TV Review: The Trip to Greece With Steve Coogan And Rob Brydon, Sky One

TV; The Trip to Greece, Sky One, review

It's the fourth series of The Trip and this time Rob Brydon and Steve Coogan have gone all Greek on us, retracing the footsteps of Homer's Odyssey, albeit with better cuisine.

I was really looking forward to this series, once again directed by Michael Winterbottom and also starring Claire Keelan as their long-suffering fixer, and the opening scene has a couple of excellent jokes about Brydon's dislike of camping. The portents seem good, but somehow this early exchange is the high point of the scene-setting episode.

As the duo settle into their gourmet meal in a beautiful garden in Turkey (don't ask, but if you must that's where the Odyssey started) the banter begins. I'm sure there has always been plenty of sniping from Brydon but there seems to be more than ever this time, from joking that he is Coogan's carer to mocking Coogan's anecdote about attempting to read a book in his massive garden and being disturbed by flies.

Of course there is lots of fun to be had watching them do their now trademark impression-offs. But even here Brydon can't resist a dig at Coogan's Stan Laurel. Things are on safer ground when Brydon does his Ronnie Corbett or Roger Moore take-offs. It's an indication of how long the programme has been going – nearly ten years, almost as long at the Odyssey – that both Corbett and Moore have died since they started their gastro-journeys,.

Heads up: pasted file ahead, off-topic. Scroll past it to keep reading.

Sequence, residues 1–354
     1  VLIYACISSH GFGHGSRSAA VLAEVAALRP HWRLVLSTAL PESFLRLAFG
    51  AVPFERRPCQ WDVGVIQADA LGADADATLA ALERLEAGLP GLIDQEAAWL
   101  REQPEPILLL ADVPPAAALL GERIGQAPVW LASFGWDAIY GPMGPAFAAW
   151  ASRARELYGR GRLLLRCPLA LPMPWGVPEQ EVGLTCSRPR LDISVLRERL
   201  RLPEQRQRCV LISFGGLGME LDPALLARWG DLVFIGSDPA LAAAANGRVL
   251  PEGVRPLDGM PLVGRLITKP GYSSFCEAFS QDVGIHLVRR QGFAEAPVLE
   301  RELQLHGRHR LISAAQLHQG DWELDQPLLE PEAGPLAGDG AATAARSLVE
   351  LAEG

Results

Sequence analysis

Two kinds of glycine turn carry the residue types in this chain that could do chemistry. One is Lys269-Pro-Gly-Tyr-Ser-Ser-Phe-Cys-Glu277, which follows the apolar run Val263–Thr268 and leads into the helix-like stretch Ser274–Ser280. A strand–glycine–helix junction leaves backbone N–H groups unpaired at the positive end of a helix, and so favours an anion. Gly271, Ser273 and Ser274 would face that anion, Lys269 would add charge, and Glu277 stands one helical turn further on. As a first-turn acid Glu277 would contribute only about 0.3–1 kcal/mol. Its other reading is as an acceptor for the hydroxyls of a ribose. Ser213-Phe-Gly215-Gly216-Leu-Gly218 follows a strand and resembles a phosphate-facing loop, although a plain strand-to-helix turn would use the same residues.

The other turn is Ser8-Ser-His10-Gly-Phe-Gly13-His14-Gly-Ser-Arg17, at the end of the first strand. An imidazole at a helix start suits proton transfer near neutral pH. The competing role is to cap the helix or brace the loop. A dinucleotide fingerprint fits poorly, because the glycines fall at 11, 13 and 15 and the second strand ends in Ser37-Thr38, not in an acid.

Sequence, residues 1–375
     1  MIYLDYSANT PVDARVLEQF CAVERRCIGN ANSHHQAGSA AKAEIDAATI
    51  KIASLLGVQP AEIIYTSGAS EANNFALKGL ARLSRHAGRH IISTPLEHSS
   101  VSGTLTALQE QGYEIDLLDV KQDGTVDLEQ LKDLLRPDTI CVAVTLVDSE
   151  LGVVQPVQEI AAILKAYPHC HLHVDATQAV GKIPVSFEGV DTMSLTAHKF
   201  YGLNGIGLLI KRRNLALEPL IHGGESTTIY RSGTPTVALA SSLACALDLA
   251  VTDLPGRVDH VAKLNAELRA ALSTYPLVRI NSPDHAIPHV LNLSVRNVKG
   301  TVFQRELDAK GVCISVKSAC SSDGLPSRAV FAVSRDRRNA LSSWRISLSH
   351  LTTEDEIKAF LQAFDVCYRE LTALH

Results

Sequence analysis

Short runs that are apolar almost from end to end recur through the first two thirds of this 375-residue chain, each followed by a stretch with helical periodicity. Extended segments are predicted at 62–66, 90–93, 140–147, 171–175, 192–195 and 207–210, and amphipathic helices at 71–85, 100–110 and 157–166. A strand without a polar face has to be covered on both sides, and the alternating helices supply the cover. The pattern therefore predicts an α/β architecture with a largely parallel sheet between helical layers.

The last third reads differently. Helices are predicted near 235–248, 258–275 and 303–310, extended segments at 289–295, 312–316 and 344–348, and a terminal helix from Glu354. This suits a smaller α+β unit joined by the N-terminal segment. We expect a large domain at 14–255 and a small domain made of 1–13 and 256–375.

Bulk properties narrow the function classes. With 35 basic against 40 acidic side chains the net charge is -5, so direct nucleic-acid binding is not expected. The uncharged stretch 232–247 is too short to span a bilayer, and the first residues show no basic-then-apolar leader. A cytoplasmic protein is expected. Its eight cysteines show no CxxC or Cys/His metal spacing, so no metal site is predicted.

The first episode feels slightly off balance for other reasons. There is a potential serious subplot about visiting a refugee camp which doesn't build. Maybe it will come into play later on but at the moment it seems under-developed.

And then there is the question of the meta-comedy-playing-themselves aspect. As alluded to earlier, there is the usual chat about ageing, their relative success and their contrasting careers - Brydon as the light entertainer, Coogan as the serious actor who suggests he aims to get under the skin of his characters more than merely getting their voices right. We've been here before and I'm not sure if anything fresh is added - they even do a well-worn riff on what the newspaper headlines would be if they died in an accident and someone more famous also died. 

Another odd thing is what it missing. At the end of the opening episode they set off on a boat. Apart from the fact that they sing an excruciating version of Rod Stewart's Sailing, given that the series often touches on their genuine work, how come they are crossing the Mediterranean and they never mention Rob Brydon's cruise adverts? Maybe there are contractual reasons, maybe they've made gags about it before, but given that there are a plethora of quips about their oeuvre elsewhere it is strange that they skip this target.

Perhaps I'm being too picky and I'm disappointed because I was looking forward to this so much and I care so much about it. Though maybe this series has been overshadowed by the slightly stylistically similar but much more good-hearted Mortimer and Whitehouse fishing series. It is always fun to spend time in the company of the incredibly talented Coogan and Brydon, but in this instalment they do not quite match their previous highs. Hopefully they will scale that Olympus later in this series.

The Trip To Greece, Sky One, from Tuesday March 3 at 10pm.


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